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Manually cranking engine?

Hello,
I have a 1973 Volvo 164.
Is it possible to cause damage or knock the engine out of timing while manually cranking engine during a leak down test?
Thanks,
Kevin

Comments

  • williamBill (@william) Ingham QLD
    I doubt very much that the timing or damage to you engine can be caused to your motor during a leak down test. Your motor should be fitted standard with the most robust set of timing gears being of steel and combustion pressures generated would be far greater than what your leak down test. A good practice is always turn the motor in the direction of running rotation which is in your instance clockwise. I hope this helps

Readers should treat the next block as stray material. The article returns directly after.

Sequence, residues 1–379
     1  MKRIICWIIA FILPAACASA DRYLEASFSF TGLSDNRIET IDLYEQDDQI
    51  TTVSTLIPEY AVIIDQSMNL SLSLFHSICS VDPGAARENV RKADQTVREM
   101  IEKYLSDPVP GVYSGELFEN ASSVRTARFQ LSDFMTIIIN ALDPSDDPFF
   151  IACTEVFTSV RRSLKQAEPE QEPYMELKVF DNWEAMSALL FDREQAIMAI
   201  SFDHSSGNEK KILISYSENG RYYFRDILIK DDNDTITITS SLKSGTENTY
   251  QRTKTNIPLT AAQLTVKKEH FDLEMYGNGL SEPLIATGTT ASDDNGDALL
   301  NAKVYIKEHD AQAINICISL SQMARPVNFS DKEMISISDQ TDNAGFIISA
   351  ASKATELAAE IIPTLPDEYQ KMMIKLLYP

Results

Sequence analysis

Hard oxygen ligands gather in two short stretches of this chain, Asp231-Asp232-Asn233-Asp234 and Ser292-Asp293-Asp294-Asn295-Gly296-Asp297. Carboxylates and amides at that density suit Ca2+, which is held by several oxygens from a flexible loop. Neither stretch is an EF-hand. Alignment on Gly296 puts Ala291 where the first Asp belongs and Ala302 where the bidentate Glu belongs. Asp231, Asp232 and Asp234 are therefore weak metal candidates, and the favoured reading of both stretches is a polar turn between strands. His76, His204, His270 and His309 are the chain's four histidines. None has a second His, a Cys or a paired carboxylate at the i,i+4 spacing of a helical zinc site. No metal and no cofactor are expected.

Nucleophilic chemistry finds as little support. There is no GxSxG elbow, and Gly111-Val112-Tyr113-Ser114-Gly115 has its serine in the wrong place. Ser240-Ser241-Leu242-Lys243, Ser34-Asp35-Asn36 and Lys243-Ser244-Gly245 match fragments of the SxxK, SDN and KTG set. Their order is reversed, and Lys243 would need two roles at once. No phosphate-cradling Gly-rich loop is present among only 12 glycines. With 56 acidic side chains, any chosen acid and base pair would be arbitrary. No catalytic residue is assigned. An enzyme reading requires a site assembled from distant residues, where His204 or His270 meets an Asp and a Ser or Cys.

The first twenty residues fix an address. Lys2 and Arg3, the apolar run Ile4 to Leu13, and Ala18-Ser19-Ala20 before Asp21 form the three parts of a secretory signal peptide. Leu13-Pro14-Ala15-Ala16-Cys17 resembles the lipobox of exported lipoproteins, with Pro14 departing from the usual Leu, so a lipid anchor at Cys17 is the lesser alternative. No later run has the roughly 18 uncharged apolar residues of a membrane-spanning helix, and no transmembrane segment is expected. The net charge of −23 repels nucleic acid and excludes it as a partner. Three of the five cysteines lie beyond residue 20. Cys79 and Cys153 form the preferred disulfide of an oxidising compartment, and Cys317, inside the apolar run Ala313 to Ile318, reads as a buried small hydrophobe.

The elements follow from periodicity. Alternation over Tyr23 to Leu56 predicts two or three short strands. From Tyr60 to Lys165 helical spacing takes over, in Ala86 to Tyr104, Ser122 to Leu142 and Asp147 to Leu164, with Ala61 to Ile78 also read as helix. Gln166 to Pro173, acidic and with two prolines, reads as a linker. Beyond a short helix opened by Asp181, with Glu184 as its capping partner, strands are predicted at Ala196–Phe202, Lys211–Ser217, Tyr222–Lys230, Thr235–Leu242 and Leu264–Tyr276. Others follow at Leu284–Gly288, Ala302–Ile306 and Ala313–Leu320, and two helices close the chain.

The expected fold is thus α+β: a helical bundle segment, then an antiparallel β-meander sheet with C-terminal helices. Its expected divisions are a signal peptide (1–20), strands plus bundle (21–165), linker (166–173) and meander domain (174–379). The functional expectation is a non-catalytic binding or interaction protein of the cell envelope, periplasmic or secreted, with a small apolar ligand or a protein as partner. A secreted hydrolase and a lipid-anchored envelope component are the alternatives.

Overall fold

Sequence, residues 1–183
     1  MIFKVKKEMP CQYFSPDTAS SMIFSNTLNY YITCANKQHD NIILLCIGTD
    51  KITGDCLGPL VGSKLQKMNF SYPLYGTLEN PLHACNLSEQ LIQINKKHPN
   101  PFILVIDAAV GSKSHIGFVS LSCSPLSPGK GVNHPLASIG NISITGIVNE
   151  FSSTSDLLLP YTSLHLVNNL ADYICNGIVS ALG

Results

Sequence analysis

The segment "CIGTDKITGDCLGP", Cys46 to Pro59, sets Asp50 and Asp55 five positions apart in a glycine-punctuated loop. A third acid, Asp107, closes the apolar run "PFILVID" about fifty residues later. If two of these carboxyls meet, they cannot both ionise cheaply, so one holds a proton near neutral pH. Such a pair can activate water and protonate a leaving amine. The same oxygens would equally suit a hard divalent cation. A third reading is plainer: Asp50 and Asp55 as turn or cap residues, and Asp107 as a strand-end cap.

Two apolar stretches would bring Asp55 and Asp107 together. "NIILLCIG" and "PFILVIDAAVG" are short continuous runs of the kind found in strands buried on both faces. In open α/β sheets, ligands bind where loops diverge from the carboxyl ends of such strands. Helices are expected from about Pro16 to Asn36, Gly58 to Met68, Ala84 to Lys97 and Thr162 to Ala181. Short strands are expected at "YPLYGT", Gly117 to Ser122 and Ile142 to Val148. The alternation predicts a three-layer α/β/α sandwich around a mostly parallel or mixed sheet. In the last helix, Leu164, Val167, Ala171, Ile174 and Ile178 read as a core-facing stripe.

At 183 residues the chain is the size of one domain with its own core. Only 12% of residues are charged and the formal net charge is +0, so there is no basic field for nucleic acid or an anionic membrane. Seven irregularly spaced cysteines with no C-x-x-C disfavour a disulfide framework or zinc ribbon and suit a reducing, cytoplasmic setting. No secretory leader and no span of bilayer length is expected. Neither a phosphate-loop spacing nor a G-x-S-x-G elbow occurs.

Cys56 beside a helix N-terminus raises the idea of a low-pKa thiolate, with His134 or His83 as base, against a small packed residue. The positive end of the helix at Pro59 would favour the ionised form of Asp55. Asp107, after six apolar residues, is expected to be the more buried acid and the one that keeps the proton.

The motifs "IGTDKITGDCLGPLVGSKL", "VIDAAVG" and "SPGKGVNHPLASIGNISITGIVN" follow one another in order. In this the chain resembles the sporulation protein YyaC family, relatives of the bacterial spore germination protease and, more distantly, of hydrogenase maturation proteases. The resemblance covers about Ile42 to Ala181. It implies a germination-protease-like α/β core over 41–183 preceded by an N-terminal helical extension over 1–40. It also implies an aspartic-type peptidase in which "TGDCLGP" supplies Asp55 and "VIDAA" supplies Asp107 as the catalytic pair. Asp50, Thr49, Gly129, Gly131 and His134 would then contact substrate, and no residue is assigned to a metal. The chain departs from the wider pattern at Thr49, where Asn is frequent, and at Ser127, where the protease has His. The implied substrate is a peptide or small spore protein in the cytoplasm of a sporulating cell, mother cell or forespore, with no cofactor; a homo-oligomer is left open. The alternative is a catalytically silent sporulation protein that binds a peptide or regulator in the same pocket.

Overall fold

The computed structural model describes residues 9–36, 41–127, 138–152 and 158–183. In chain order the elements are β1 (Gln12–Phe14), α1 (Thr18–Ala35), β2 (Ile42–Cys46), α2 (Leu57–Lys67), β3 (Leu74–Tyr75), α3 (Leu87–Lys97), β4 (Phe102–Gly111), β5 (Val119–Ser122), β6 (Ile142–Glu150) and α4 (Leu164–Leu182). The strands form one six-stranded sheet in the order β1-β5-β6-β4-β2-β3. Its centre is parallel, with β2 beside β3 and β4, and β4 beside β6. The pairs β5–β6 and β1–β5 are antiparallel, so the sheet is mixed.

• Will it cause damage if turned counterclockwise?
  • williamBill (@william) Ingham QLD
    No not at all. It is just a practice that I use especially when setting engine valve and ignition timing more so with engines that use rubber/ kevlar cam belts. It just ensures that all play is taken up with the direction of rotation that the motor runs in thus ensuring a more precise outcome. Maybe I was misleading in stating this in the accidental turning of the engine during a leak down test. I hope this helps.
  • Thanks...no damage during the leak down test from manually cranking or using compressed air. I actually had an issue with reconnecting the spark plug wires. They were in the wrong order at first and I thought the leak down test had caused damage when the car didn’t start.
    Live and learn. Lesson...label wires. It’ll help when you reconnect in a hurry!
    carnut222
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